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Here’s How FriendFeed Will Generate Revenue
When people ask me to describe FriendFeed, I usually begin by noting, “FriendFeed is a social bulletin board service”. At the most basic level, FriendFeed is a forum. The only difference is that instead of users starting threads, they typically suck in threads from other social services like Twitter, Flickr, YouTube, etc.
There are a variety of popular forum tools including vBulletin and phpBB. I’ve been using vBulletin on the HTMLCenter web development forums for nearly a decade. vBulletin isn’t free; a license costs $180 for life plus $60/year for product upgrades and updates. The software is very powerful, administrative panel is easy to use and the email support is always very responsive. There’s only one real issue with the software – it hasn’t moved into 2009. The software still looks and acts as it did 1,2,3, 5 years ago. You can always tell when a forum is using vBulletin without even looking at the footer. They continue to add improvements and bug fixes which is great but it’s time to update the look and the usability to today’s standard. The same can be said for phpBB and most of the other forum software packages.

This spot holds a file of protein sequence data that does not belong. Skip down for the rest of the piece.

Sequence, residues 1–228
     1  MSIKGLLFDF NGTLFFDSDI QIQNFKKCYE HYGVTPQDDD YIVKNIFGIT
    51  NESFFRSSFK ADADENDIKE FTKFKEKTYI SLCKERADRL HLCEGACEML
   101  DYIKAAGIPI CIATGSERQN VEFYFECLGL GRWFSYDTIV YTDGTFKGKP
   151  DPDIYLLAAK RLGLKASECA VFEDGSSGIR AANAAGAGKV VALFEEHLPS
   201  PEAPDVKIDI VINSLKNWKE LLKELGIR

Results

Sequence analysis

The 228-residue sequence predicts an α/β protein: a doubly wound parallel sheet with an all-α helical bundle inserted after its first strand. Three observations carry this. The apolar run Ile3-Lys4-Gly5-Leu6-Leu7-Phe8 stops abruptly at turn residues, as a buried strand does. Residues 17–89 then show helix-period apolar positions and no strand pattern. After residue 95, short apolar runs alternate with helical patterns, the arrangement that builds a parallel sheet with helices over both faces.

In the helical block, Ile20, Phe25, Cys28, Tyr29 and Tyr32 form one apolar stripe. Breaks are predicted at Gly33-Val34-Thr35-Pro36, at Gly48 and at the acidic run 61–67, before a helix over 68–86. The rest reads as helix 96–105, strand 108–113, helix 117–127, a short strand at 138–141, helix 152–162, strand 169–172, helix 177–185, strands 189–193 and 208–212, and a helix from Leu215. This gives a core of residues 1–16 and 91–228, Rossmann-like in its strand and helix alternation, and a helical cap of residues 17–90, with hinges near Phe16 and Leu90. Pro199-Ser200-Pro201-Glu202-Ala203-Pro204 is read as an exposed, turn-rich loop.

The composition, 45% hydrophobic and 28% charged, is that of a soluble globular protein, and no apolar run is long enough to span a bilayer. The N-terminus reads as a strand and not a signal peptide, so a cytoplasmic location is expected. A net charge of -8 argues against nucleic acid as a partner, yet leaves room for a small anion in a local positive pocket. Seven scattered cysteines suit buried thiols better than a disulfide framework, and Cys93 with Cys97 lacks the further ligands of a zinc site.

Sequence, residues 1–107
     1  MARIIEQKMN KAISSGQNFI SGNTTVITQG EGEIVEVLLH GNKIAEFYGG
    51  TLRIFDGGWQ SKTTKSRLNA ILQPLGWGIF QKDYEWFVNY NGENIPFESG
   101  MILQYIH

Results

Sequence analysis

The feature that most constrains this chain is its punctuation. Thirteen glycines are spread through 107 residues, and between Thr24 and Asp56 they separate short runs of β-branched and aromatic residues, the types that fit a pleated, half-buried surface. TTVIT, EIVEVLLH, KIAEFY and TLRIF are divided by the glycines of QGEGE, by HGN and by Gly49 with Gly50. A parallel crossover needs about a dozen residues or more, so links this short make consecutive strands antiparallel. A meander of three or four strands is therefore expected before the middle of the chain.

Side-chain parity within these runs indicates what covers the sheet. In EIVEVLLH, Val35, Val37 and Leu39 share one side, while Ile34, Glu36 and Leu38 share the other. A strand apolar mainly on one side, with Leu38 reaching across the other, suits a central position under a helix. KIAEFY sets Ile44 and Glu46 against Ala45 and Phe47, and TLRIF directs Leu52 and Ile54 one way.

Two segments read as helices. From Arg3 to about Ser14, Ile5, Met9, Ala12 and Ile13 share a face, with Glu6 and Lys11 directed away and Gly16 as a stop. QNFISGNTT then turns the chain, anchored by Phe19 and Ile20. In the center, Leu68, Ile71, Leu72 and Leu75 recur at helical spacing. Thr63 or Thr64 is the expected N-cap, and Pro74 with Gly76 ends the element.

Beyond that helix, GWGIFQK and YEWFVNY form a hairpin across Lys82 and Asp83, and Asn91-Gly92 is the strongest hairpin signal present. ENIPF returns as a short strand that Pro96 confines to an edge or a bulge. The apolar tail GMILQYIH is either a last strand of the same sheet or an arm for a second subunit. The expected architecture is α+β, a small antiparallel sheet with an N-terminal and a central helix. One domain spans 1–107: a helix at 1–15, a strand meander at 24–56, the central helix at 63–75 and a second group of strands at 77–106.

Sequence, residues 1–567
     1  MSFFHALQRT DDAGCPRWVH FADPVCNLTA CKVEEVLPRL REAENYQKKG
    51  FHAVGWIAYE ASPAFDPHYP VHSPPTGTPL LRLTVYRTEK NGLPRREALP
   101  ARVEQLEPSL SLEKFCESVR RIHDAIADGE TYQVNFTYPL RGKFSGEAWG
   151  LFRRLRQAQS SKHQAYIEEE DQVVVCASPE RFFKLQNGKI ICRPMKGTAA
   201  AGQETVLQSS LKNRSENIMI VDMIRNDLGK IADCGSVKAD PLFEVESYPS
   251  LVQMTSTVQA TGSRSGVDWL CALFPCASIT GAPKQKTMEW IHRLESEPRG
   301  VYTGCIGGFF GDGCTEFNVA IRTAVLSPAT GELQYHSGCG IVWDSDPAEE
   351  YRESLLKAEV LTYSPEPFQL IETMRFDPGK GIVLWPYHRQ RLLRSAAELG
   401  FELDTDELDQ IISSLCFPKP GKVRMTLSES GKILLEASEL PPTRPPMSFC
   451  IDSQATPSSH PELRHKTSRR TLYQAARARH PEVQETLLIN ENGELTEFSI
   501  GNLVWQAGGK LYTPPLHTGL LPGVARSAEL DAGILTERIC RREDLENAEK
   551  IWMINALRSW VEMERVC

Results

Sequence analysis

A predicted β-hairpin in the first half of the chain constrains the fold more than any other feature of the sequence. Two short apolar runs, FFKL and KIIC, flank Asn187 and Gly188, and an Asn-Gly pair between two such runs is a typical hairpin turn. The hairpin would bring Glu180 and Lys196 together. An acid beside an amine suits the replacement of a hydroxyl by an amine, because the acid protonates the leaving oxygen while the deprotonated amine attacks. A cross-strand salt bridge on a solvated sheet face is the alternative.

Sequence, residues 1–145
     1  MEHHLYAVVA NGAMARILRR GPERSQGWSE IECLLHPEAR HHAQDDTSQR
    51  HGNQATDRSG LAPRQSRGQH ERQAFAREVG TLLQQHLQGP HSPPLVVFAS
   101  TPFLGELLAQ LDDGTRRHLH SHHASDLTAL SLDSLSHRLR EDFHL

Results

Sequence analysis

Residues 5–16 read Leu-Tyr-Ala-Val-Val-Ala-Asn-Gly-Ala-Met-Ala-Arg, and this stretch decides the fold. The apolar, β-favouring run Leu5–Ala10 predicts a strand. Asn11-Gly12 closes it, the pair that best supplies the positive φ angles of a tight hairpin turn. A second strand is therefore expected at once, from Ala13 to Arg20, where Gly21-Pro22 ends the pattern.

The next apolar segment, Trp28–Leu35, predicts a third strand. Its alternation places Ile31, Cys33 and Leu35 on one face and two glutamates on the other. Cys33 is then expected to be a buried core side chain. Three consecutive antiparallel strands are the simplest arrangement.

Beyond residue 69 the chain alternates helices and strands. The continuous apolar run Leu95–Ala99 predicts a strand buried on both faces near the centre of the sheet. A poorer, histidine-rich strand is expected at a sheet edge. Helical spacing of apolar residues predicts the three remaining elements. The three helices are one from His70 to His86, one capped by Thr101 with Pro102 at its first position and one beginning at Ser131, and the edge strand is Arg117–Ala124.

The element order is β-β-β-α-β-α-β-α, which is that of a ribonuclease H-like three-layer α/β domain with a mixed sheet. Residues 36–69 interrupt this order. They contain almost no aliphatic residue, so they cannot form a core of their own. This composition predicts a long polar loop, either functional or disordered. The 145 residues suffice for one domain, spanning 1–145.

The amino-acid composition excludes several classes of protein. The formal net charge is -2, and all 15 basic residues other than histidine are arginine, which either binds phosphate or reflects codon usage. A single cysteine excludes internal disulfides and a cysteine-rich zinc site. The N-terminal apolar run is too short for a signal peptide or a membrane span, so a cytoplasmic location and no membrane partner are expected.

This is where FriendFeed comes in. They have an awesome opportunity to take over the forum world. While forum software isn’t as sexy as creating a Twitter app, there is a real market opportunity which could be there for the taking.
Naturally FriendFeed would need to create a self-hosted version of their tool and modify it to allow for better “forum-like” thread creation. FriendFeed forum owners could also opt to allow their content to be indexed into Friendfeed’s new search engine. Take a moment to think about how much more “real-time” data would be included in the FriendFeed search if thousands of popular forums were included/indexed.
The FriendFeed forum service would also allow for better integration with Twitter, naturally Friendfeed and all of the other services FriendFeed will push to in the future. What this means is that forum owners would have new ways to get traffic to their forums.
In addition, there are loads of developers who build apps for vBulletin and my guess is that they might switch to building apps for the Friendfeed forum service. It could be a way to get developers excited about FriendFeed.
I know I would switch my forums over to this new offering and would pay the same price I do to vBulletin. Create a tie into WordPress and it could became an even sweeter offering.